The theory discussed here offers a new conception of the phenomenon of superconductivity, which naturally ties together many well-known aspects of the physics of superconductors in a very different and more fundamental way than the conventional theory does.

Figure 4: The current distribution in a superconducting wire which is fed by normal conducting leads. The flow lines are calculated in Ref. (16). Note that as electrons enter the superconducting region, their velocity acquires a radial component and charge moves towards the surfaces. In the process they carry with them the magnetic field lines (not shown) which exist throughout the interior in the normal leads (circles perpendicular to the plane of the page, with normal in the direction of current flow) and only near the surface (and of course outside the wire) in the superconductor region.

Superconductivity in our view results from the expansion of the electronic wavefunctions, driven by kinetic energy lowering. This tendency of quantum particles to expand their spatial range (generally ascribed to the uncertainty principle) can be easily understood semiclassically: an orbiting particle with fixed angular momentum lowers its kinetic energy as the radius of the orbit increases. The need for macroscopic phase coherence follows naturally from the fact that the expanded orbits overlap and thus require phase coherence to avoid collisions that would increase the potential energy. The process of nucleation of the superconducting state in a normal metal matrix naturally leads to the observed physics within our conception: as the orbits expand and the superconducting kernels expands their size, the magnetic field is pushed out of the superconducting regions because of the azimuthal currents induced by the Lorentz force acting on the radially outflowing charge. The charge expulsion (which occurs whether or not a magnetic field is present) naturally leads to the macroscopically inhomogeneous charge distribution depicted in Fig. (1a), as the expelled charge has nowhere to go but the surface if the entire sample becomes superconducting, in the process carrying the expelled magnetic field lines with it. Alternatively, some charge will flow into interior normal regions that trap magnetic field lines, as in the intermediate state of type I superconductors or the mixed (vortex) state of type II superconductors.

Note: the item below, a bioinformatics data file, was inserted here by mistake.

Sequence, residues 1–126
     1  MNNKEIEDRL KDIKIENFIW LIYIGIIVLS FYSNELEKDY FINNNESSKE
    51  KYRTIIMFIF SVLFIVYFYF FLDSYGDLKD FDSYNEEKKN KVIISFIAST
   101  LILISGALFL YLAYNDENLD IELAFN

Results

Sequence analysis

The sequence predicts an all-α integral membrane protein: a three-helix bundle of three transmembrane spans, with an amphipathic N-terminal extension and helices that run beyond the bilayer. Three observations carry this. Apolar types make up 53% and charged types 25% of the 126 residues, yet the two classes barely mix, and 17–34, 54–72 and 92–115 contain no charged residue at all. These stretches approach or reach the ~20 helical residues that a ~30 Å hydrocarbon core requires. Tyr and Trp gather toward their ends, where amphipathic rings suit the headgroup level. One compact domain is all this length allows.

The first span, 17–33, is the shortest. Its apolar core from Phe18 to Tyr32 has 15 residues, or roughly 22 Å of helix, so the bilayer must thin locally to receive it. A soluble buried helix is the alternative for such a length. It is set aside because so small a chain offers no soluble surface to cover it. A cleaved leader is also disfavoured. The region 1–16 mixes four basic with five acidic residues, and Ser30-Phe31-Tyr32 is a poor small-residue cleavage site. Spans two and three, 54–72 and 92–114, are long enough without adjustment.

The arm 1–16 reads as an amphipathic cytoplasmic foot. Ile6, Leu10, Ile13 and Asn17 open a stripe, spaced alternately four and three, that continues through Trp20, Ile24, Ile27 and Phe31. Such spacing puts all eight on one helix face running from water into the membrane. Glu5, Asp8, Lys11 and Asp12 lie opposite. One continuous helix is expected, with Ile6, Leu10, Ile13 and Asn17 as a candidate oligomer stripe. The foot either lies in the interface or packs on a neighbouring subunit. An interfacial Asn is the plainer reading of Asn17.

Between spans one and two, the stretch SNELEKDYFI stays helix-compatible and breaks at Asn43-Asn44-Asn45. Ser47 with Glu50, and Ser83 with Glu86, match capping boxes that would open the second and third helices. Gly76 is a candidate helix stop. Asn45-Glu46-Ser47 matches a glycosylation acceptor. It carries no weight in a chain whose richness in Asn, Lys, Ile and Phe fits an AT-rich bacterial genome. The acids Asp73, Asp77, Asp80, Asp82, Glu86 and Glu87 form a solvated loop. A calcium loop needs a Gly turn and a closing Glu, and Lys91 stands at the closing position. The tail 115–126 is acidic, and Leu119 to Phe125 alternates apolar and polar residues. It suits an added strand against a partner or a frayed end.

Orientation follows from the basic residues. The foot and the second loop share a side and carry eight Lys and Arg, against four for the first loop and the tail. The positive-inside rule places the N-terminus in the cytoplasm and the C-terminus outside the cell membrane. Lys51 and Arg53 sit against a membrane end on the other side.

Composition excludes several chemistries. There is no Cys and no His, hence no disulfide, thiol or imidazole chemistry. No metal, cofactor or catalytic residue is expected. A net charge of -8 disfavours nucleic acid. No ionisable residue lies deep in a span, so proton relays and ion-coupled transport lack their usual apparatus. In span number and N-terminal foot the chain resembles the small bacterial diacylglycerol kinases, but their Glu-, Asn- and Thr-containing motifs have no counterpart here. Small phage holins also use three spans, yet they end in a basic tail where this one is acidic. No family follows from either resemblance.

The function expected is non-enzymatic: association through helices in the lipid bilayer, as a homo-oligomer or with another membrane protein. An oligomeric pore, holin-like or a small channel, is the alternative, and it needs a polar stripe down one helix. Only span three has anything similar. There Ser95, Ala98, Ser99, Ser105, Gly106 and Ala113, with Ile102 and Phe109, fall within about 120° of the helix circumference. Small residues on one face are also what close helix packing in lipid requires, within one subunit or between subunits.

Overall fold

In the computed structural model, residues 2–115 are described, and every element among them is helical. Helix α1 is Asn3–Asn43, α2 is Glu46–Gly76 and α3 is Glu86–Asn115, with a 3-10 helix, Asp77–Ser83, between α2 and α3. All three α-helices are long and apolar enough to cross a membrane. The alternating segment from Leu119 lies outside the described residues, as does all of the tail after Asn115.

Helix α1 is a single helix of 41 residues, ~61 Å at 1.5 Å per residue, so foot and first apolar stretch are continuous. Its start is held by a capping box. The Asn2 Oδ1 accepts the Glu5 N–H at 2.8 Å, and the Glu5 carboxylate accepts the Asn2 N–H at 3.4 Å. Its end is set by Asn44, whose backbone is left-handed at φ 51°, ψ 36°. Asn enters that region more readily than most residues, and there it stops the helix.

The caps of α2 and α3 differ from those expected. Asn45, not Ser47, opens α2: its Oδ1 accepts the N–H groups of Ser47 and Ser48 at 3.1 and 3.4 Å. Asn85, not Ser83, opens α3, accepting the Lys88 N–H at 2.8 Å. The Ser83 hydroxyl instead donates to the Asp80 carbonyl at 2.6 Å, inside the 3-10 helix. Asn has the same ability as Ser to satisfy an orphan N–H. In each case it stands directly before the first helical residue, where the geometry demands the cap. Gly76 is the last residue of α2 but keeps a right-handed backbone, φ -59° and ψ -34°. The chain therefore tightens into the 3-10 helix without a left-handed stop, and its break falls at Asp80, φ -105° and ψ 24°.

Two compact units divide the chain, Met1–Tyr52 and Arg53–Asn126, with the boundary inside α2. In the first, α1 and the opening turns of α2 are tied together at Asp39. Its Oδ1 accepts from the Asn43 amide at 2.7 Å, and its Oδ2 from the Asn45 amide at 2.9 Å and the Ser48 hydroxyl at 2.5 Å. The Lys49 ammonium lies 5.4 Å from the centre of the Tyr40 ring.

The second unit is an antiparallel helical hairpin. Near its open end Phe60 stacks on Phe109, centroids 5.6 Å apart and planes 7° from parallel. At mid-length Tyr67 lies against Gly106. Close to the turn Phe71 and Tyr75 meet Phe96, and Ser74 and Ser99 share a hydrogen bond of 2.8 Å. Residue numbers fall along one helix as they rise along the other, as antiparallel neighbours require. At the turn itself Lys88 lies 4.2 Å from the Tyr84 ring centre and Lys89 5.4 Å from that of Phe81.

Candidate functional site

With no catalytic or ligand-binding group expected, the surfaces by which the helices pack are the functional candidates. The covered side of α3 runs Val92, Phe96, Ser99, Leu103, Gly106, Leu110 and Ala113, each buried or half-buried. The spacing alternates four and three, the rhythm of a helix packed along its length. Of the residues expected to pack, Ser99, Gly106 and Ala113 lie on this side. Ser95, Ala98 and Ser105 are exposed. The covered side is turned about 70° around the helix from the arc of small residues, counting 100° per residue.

The fact that negative charge flows out in the transition to superconductivity has not yet been directly verified experimentally. However I suggest that the phenomenon is clearly illustrated in the current flow through a superconducting wire connected to normal metal leads shown in Fig. 4. Indeed, as the conduction electrons enter the superconducting region they will flow towards the surface as shown by the flow lines in Fig. 4, since current only flows near the surface in superconductors. There is only a small leap to the conclusion that charge flows to the surface when a metal goes superconducting even in the absence of current flow(4).

The reader may argue that the of the charge moving towards the surface is ambiguous in the situation depicted in Fig. 4, since it depends on the sign of the charge of the current carriers (whether electrons or holes). Fortunately there is no ambiguity: experiments on rotating superconductors demonstrate that the current in superconductors is carried by negative electrons(17); (6); (18); (19).